5 of Reagenz’s Favorite Synths + Live Gear


As Resident Advisor pointed out last month, Jonah Sharp (best known for his work as Spacetime Continuum) and Move D recently cut a killer live record under their Reagenz moniker. Performed at one of the infamous parties that gave The Bunker New York its name, it’s a hardware-heavy set that still manages to maintain a decidedly human pulse. In the following exclusive feature, Sharp breaks down the duo’s synth-heavy setup, and shares some records that pull from the same sonic palette.


For the Reagenz live rig we use a few staple vintage Roland products that we both have gotten to know really well and love over the years. The SH-101 provides most of the bass lines and percussive sequenced parts using the internal sequencer which is triggered from the Roland TR 606 drum machine tom trigger outputs. This is a very simple and fairly rudimentary way to generate music, but the 101 is a highly effective and sweet sounding synth and the utter simplicity of the sequencer means we can write those parts on headphones in an instant.


We have ended up using the TR-909 at most of the recent shows. It does what it does so well and sounds great. The kick drum is good at moving air. We usually program a few beats at soundcheck and then program it during the show in realtime depending on where the improvisations lead us. It also gets programmed from the master clock of the Akai MPC1000; the 909 MIDI spec is very useful in that you can start/stop whilst it is running and also play the notes from an external source over MIDI. The sounds, as we all know, are very distinct and powerful and lend themselves to further live processing.


The JX is notable as one of Roland’s first products to use MIDI. A simple and powerful poly-synthesizer that lends itself to being used in a improvised live setting. It has an internal sequencer like the SH-101, the difference being it allows you to program notes polyphonically (i.e. chords). Like the 101, we trigger the sequencer from the TR-606 drum machine tom triggers, making it possible to come up with cool stuff very quickly. It can be said that the sound of this synth is a little thin and that the filter is not up to too much compared to the fuller sound of, say, a Juno 106 but the simplicity and instant nature of the sequencer makes up for this.


EFX are a big part of our live show. Analog delay adds a very organic feel. The Moog delay is a classic bucket brigade type with two seconds of delay time. This one has a convenient MIDI input for clocking the delay time.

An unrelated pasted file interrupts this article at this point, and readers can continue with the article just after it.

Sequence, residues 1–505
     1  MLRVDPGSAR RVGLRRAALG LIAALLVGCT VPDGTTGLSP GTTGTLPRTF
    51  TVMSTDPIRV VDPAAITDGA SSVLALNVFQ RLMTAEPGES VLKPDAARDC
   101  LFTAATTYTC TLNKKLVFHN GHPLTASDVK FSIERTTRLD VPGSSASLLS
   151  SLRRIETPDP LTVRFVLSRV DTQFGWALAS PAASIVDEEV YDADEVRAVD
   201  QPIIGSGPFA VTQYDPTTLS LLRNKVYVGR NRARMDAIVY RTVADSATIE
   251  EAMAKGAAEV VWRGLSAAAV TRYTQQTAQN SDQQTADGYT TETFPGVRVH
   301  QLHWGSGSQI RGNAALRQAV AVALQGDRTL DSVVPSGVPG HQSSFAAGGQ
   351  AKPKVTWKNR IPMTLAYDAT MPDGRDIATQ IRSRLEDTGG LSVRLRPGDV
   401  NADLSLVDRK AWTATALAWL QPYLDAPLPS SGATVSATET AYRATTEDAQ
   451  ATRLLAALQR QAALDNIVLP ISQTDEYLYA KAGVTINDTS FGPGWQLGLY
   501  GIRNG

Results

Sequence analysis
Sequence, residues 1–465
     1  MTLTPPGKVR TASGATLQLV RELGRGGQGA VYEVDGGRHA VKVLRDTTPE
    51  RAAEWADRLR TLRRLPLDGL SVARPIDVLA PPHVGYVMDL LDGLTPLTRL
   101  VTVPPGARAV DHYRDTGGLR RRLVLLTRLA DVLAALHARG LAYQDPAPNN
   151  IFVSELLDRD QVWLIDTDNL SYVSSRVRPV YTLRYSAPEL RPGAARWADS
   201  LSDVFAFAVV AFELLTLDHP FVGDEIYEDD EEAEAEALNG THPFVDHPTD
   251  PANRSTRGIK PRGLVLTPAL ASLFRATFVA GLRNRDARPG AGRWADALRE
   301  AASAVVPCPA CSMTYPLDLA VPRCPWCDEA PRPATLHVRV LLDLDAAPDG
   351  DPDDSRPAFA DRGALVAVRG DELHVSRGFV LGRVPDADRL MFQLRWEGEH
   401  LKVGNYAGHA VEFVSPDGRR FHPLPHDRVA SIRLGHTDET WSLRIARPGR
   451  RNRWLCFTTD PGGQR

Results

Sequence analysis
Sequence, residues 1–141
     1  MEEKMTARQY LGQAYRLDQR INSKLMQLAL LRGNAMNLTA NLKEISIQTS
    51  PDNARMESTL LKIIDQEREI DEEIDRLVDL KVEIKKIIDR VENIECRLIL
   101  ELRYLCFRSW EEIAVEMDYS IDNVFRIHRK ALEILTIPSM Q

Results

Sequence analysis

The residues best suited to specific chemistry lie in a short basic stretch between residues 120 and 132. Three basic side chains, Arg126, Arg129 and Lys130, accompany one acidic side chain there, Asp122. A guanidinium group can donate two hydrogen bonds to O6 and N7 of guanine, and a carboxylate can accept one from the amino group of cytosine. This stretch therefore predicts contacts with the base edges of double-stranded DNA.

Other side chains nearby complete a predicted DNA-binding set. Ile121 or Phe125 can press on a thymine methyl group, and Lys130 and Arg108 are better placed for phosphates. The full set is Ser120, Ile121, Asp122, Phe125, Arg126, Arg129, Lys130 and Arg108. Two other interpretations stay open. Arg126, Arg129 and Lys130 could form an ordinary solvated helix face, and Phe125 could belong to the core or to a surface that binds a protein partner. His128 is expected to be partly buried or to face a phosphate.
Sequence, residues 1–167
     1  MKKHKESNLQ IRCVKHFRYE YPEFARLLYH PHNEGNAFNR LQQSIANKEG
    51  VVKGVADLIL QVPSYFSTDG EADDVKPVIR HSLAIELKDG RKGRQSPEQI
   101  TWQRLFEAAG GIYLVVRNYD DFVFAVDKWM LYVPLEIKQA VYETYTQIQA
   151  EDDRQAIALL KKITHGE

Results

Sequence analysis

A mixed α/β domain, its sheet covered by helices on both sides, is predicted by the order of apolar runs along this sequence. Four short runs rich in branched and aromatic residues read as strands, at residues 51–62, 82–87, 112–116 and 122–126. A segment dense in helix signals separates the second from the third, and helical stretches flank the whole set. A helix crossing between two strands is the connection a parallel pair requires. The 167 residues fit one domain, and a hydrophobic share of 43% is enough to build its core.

Essentially a mini synth with one oscillator, LFO and pitch envelope. Does the familiar disco tom sound but is capable of a lot more. Has external audio trigger in so it can be playing from say the MPC1000. Add lots of the Moog delay for maximum effect.


1. In Sync, “Storm” (Irdial)
Lee [Purkis] uses both the Roland TR-909 and TR-808, showing us the perfect example of how these two machines can work well together with their internal sequencers. The right 909 swing setting and inventive 808 programming make for a timeless classic.

2. G Strings, “The Land of Dreams” (G Strings)
I picked this up at Fat Cat Records in Covent Garden when I lived in London back in 1990 on a recommendation from In Sync, who was working behind the counter and I think an owner of the store at the time. This track is very stripped-down and basic in instrumentation but very lush sounding with a hard Chicago 909 drum sound. The other Chicago record with the same deep vibe was Ron Trent’s “Altered States” / “Making Love“. These records made me realize that you could get a lot of mileage from very little gear and make some very deep music.

3. Cabaret Voltaire, “Just Fascination” (Virgin)
This song is from the 1983 album The Crackdown, which marked a technological shift for the band with new drum and synth sounds. I went to see them a few times when I lived in North England at this time and was completely blown away with their mix of live instruments and machines together with Super 8 visual projections as almost the sole source of lights onstage. What struck me at the time was how great the grooves were and that people were really getting down on the dancefloor. The Juno 60 arpeggios are very apparent on this track.

4. Fingers Inc., “Can You Feel It” (Jack Trax)
Tuneful and very soulful, with a positive message. Great tough 909 beat, a defining Juno 60 bassline and beautiful warm chords. This track always stood out for me and has remained an absolute classic moment in house music.

5. Drexciya, “Aqua Worm Hole (Underground Resistance)
Its hard to pick a particular Drexciya track because so many are that good. This one is part of a double 12″ (Bubble Metropolis) that—like lots of James Stinson’s work—has some very deep concepts. Musically the approach is very live sounding, as if the tracks were carefully thought out, programmed then played live in the studio straight to tape. No fussy, overworked production; just great, honest and utterly unique electronic music. Very inspiring.